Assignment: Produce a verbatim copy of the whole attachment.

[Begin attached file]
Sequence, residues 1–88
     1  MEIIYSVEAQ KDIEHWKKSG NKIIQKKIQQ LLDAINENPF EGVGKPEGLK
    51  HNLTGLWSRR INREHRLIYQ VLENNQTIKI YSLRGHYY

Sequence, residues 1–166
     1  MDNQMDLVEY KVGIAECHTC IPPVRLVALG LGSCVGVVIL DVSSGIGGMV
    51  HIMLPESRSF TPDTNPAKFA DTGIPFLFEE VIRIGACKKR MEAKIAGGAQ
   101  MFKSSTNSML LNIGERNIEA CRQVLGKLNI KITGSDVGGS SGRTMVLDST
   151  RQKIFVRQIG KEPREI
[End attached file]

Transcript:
Sequence, residues 1–88
     1  MEIIYSVEAQ KDIEHWKKSG NKIIQKKIQQ LLDAINENPF EGVGKPEGLK
    51  HNLTGLWSRR INREHRLIYQ VLENNQTIKI YSLRGHYY

Sequence, residues 1–166
     1  MDNQMDLVEY KVGIAECHTC IPPVRLVALG LGSCVGVVIL DVSSGIGGMV
    51  HIMLPESRSF TPDTNPAKFA DTGIPFLFEE VIRIGACKKR MEAKIAGGAQ
   101  MFKSSTNSML LNIGERNIEA CRQVLGKLNI KITGSDVGGS SGRTMVLDST
   151  RQKIFVRQIG KEPREI